By Roland Sebestyén
Amsterdam has long been the go-to place for the European cannabis community, but the patience of many locals and officials has apparently come to an end. The proposed ban on cannabis tourism, however, is a very bad idea.
As someone from Budapest, Hungary, I can relate to those locals who are upset over the uncontrollable hordes of loud, pissed/high, disrespectful tourists. Budapest (and Prague, maybe) is the number one destination for stag/hen dos because – yes, it’s beautiful but, most importantly – it’s cheap.
I lived in downtown Budapest for years, and I can tell you that it was heartbreaking to see what some tourists were doing to my city. As a local resident, I don’t care about the money they spend – the city on the weekends was (and is) in tatters because of them.
And according to many locals and officials, Amsterdam has been in a similar situation for years.
Most of those visiting Amsterdam unashamedly do so to experience the city’s cannabis and red-light entertainment – a fact that paints a damning picture of a city that has been in the centre of European culture for so long.
The canals, the museums, the historic and unique windmills; Amsterdam has a lot to offer, and I think they are right when they propose a change that would potentially clear the city centre.
However, to ban foreign tourists from entering cannabis-serving coffee shops isn’t and cannot be the solution.
When Europe is slowly but surely catching up on North America in reforming its cannabis policies, going back to the beginning is not the turn we need to take right now.
Something must be done, I agree, but post-Covid times driving tourists from a safe environment into the arms of dangerous drug dealers is, well, problematic in more than one way, to say the least.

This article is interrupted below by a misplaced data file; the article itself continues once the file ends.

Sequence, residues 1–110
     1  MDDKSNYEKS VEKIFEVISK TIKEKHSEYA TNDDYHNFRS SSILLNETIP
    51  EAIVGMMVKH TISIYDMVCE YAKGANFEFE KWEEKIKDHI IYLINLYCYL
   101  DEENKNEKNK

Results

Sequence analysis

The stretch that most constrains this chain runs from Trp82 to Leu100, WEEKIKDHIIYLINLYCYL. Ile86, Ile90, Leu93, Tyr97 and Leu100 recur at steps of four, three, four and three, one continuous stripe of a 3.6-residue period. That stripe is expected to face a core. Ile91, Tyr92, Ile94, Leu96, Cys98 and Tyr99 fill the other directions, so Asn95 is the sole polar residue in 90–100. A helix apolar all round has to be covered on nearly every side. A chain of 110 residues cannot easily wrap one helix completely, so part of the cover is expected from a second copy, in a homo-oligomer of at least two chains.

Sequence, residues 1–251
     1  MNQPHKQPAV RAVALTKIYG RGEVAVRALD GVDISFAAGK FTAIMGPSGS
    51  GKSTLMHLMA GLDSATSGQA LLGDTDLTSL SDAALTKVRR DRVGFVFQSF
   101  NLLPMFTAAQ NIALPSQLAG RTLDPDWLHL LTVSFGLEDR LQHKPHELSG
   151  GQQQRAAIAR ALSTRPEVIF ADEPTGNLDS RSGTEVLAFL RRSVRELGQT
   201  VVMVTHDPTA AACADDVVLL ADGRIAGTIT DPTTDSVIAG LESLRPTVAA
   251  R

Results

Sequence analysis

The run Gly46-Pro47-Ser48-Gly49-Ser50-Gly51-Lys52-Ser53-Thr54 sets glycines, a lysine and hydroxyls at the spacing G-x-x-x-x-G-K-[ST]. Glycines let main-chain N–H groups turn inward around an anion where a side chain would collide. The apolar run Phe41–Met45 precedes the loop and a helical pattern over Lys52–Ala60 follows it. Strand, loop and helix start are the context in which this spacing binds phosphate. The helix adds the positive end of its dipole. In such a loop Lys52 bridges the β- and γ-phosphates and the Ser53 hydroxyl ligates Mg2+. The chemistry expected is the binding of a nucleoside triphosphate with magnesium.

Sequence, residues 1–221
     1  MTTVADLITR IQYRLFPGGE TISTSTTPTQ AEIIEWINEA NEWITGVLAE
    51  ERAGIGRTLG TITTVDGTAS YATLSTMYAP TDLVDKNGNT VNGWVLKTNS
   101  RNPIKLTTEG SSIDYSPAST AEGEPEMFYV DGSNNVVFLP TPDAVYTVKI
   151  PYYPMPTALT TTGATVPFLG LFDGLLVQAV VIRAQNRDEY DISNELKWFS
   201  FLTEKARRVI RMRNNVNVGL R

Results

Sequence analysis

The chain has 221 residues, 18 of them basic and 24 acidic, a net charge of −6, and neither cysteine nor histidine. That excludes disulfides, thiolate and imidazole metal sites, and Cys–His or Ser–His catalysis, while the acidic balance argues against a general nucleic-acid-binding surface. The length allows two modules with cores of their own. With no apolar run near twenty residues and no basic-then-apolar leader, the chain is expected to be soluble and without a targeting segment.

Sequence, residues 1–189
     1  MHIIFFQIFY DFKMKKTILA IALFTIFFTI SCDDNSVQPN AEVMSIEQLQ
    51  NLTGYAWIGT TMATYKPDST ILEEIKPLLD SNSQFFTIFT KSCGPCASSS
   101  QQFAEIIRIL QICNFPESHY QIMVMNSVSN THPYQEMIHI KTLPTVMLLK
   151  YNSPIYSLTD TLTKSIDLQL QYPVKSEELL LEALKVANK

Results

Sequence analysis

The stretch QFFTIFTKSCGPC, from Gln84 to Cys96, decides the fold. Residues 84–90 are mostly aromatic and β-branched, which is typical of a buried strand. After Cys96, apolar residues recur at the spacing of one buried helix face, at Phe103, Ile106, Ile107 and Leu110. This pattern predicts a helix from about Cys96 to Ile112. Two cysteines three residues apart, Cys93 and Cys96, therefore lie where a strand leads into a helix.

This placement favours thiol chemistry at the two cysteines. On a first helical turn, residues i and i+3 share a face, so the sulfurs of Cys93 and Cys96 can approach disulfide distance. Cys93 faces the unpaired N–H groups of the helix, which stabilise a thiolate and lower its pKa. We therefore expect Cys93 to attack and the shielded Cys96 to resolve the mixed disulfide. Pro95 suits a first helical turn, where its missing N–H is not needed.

First of all, many businesses have already had a tough time over the last couple of years due to travel restrictions – the harsher the restrictions, the more tourists will stay away, which will mean the end for a lot of shops – and not just coffeeshops – in the near future.
Secondly, as a responsible leader, pushing consumers into the hands of the gangs who exploit kids and vulnerable people to sell dangerous drugs on the streets of your city is not a good move. During the peak of the Coronavirus pandemic, when the shops were closed, a surge in the presence of illegal dealers was widely reported.
Now, imagine the situation if the same number of tourists enter the city, but are unable to buy cannabis from legal, safe sources – they will, of course, turn to dealers offering products of questionable quality and safety.
No, this cannot be the direction Amsterdam takes. There must be another solution that would keep drug gangs at bay and continue to ensure the survival of honest, regulated, tax-paying businesses of Amsterdam.
Also, I am pretty sure that the problem is largely not with casual pot users but with those visiting the city for a big night out involving lots of alcohol and, often, other drugs.
Show me one person who goes berserk after having smoked cannabis. You cannot. Amsterdam needs to stop blaming cannabis users.
The cannabis community should be left alone. The real problem is much bigger. I think it is time to take on with the real enemy of the public: drunk tourists who are solely out to find and make trouble.
Believe you me, that would clear the city centre much more effectively.